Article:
Transit and Rail Likely to Take a Hit in Budget Compromise
It’s tempting, following a political standoff like the one that took place last week in Washington, to tally up some rough approximation of “points scored,” and declare one party the winner. After the federal government narrowly avoided shutdown, observers were doing just that.
Was it Speaker John Boehner and conservatives in the House, securing dramatic spending cuts? Or was it Senate Majority Leader Harry Reid and the Obama administration, preserving funding for Planned Parenthood and paring back conservatives’ ambitions while avoiding shutdown?
When it comes to transportation policy, it looks like the administration gave significant ground to Tea Party demands for spending cuts. The full details of the budget deal’s impact on transportation funding are still emerging, but early signs indicate that funding for intercity rail, transit, and urban development will be casualties.
Yonah Freemark at the Transport Politic examined the programs that bore the brunt of the cuts in the one-week budget extension brokered before the details of the final compromise get hammered out. Two areas will absorb almost all the $2 billion in cuts included in that extension — transportation and urban development, both of which had appeared to be major Obama administration priorities. Freemark elaborates on the implications for the final 2011 budget deal and upcoming negotiations over the 2012 budget and a long-term transportation bill:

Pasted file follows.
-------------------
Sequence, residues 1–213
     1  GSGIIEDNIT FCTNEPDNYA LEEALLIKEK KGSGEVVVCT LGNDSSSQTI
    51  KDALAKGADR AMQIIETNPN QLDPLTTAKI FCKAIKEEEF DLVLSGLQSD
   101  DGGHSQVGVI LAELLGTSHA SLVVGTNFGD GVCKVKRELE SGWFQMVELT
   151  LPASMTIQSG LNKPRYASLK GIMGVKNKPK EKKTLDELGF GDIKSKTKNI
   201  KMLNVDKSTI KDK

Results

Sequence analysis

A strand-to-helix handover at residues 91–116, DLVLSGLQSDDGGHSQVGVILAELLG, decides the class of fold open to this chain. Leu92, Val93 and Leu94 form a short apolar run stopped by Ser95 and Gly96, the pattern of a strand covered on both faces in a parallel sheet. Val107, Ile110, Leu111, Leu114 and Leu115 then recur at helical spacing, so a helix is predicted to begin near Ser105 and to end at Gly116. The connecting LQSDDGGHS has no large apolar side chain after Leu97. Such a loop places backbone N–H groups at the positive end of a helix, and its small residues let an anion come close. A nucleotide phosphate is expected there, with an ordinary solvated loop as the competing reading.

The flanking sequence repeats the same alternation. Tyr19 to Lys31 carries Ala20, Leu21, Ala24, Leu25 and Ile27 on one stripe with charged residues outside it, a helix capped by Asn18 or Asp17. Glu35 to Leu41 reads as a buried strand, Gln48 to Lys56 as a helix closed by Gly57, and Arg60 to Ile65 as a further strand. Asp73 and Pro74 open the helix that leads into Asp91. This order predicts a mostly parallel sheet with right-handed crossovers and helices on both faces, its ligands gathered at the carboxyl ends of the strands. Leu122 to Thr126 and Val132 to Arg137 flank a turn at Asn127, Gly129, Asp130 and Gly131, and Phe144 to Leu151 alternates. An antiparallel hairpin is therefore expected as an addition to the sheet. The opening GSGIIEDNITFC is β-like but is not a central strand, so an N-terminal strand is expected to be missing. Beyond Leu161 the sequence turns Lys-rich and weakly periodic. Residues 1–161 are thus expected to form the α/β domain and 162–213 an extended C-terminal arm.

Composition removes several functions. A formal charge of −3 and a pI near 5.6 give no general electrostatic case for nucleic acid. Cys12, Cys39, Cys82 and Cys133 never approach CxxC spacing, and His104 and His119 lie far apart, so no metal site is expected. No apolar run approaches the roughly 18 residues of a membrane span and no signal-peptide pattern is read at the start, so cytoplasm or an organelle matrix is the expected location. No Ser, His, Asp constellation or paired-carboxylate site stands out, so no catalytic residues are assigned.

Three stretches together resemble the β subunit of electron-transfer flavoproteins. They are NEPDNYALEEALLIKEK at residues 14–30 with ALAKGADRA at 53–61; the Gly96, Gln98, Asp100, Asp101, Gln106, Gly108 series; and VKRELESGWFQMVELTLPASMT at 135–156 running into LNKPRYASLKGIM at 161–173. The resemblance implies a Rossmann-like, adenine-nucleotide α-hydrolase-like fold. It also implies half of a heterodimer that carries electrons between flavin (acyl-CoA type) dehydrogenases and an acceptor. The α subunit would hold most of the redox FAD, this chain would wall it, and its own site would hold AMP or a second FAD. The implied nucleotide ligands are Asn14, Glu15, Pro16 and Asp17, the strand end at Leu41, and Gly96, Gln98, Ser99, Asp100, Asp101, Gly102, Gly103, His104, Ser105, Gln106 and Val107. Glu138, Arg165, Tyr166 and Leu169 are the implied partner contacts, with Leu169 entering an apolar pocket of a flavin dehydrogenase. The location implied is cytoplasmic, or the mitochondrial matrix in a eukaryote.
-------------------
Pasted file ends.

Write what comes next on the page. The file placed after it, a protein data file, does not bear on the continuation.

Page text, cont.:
Despite President Obama’s proposals for a huge increase in transportation funding in February, the hard-lining of Republicans and the weak response from Democrats is likely to mean a decline in spending whatever the need. Even as the President has called for a vast investment in the nation’s roads and railways, Republicans are convinced that the country must remain “within its means,” which in their opinion means keeping federal transportation investments within the bounds of revenues collected by the Highway Trust Fund.
Compared to the Obama Administration’s budget, the Ryan proposal would reduce transportation expenditures by a startling 55.6%, more than any other part of the budget. As I have described before, there is nothing particularly surprising about the Republican insistence on reducing spending on urban-focused programs: The Democratic Party has a virtual monopoly on urban congressional districts, so when it is not in power, those areas suffer.
If appropriate decisions were made about how to distribute those funds, that might be acceptable in the short term, as there are some transportation projects that are simply a waste of funds. Yet the conservative insistence on reducing government spending is not a long-term solution for funding mobility, as states and cities are cash-strapped and the private sector, whatever its merits, does not have the investment power to finance the nation’s transportation system (nor should it). Moreover, a reduction in overall transportation spending with Republican control over Congress seems likely to mean mostly a reduction in spending on things that you and I care about, like public transportation.
Elsewhere on the Network today: Biking in LA reports that two strange hit-and-run cycling fatalities have led local television news anchors to wonder if there might be a serial killer operating on the area’s streets, using a Ford F-150 as his weapon. Wash Cycle reports that a bill to broaden the definition of vehicular homicide has been advanced to the Maryland Senate, despite a setback last week. And Commute Orlando shares an infographic illustrating the share of energy lost to waste from various activities — the biggest waster being transportation, which is only 25 percent efficient.